The culmination of D. E. Mungello's forty years of study on Sino-Western history, this book provides a compelling and nuanced history of Roman Catholicism in modern China.
As the author vividly shows, when China declined into a two-century cycle of poverty, powerlessness, and humiliation, the attitudes of Catholic missionaries became less accommodating than their famous Jesuit predecessors.
He argues that "invasion" accurately characterizes the dominant attitude of Catholic missionaries (especially the French Jesuits) in their attempt to introduce Western religion and culture into China during the nineteenth and early twentieth century.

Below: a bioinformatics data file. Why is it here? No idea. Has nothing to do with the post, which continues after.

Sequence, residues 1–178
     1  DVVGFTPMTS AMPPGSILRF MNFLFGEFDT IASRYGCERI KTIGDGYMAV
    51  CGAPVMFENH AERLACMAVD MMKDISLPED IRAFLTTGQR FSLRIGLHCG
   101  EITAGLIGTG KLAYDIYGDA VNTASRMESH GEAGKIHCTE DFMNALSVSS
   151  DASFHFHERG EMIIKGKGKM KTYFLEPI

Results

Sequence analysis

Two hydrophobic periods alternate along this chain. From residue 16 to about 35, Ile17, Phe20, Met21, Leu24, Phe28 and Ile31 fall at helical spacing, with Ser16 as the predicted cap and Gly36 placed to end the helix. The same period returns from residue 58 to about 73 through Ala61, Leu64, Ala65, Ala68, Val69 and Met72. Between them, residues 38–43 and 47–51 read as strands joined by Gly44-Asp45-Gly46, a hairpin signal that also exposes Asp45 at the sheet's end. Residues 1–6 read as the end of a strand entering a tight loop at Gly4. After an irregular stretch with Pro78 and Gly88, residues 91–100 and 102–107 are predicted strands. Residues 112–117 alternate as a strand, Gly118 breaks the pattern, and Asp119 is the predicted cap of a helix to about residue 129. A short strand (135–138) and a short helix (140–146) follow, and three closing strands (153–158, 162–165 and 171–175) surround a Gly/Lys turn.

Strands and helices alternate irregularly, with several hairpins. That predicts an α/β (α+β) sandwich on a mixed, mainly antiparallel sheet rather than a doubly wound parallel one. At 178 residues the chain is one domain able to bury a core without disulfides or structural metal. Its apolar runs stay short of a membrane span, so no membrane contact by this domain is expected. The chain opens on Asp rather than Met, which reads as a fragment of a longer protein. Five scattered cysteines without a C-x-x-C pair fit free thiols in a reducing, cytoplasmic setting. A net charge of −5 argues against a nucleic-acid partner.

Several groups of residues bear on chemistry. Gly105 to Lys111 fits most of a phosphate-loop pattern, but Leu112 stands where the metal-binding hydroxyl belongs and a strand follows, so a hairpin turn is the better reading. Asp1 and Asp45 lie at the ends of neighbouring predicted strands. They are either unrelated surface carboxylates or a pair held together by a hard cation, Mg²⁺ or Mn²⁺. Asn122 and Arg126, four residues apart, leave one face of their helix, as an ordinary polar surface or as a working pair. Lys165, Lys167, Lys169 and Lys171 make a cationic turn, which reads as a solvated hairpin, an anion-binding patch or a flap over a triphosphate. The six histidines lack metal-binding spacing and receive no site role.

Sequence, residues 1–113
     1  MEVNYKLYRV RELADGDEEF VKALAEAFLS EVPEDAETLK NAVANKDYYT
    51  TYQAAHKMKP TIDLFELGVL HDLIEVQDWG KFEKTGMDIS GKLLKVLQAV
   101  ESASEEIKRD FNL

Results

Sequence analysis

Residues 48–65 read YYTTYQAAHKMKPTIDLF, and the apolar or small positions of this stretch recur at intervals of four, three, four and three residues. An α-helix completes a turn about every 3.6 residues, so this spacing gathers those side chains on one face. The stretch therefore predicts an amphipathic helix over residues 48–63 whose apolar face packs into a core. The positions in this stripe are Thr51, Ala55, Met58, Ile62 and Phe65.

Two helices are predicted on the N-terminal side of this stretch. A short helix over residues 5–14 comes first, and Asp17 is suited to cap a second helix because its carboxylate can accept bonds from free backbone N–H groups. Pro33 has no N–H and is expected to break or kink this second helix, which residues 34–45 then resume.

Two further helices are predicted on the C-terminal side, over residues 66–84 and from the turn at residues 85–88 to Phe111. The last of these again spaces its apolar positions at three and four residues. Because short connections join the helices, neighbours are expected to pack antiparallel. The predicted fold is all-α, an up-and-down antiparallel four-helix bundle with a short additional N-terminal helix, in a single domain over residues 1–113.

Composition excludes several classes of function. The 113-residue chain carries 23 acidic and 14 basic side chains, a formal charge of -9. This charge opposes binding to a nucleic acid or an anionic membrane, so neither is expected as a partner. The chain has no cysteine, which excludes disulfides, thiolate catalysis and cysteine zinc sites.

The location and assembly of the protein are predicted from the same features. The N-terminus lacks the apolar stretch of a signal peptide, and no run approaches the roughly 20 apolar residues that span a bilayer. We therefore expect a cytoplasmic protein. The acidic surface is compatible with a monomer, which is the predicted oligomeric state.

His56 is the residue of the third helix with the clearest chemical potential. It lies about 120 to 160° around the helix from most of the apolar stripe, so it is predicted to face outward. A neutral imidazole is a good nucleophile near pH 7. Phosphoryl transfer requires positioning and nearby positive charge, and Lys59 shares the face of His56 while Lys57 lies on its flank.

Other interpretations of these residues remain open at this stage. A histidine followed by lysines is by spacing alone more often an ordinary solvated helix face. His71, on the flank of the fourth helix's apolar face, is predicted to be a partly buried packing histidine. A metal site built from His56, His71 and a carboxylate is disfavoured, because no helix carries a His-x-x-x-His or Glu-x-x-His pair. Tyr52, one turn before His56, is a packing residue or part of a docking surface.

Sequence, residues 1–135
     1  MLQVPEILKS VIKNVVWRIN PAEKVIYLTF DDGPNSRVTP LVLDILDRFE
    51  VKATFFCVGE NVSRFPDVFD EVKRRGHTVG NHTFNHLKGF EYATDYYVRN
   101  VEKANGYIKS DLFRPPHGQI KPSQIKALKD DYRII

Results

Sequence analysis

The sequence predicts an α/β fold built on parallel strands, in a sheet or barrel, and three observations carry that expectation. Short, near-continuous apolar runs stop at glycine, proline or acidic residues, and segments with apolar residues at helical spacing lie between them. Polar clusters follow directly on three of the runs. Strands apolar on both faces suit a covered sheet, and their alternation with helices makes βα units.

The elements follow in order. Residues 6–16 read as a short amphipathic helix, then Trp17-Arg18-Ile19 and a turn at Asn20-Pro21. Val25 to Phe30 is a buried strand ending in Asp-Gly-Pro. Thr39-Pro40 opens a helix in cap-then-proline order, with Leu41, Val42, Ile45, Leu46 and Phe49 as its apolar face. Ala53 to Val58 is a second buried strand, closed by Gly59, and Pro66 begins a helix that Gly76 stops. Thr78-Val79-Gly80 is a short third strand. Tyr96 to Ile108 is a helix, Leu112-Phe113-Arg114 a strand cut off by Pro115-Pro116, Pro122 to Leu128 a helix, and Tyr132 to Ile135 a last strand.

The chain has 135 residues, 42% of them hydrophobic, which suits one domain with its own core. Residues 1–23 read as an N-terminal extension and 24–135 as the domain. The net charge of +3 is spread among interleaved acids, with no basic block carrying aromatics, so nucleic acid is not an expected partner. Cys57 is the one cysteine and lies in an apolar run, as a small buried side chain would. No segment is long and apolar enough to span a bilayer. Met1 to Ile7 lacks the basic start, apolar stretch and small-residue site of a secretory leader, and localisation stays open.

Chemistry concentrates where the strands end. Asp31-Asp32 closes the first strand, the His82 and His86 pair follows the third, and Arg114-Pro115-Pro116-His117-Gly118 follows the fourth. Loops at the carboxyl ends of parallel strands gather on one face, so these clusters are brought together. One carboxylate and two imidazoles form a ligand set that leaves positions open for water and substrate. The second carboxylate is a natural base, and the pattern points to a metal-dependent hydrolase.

Elements of this attitude lingered until the end of the last century, when many Chinese felt that Pope John Paul II's canonization of 120 martyrs reflected the imposition of an imperialist mentality.
In this important work, Mungello corrects a major misreading of modern Chinese history by arguing that the growth of an indigenous Catholic church in the twentieth century transformed the negative aspects of the "invasion" into a positive Chinese religious force.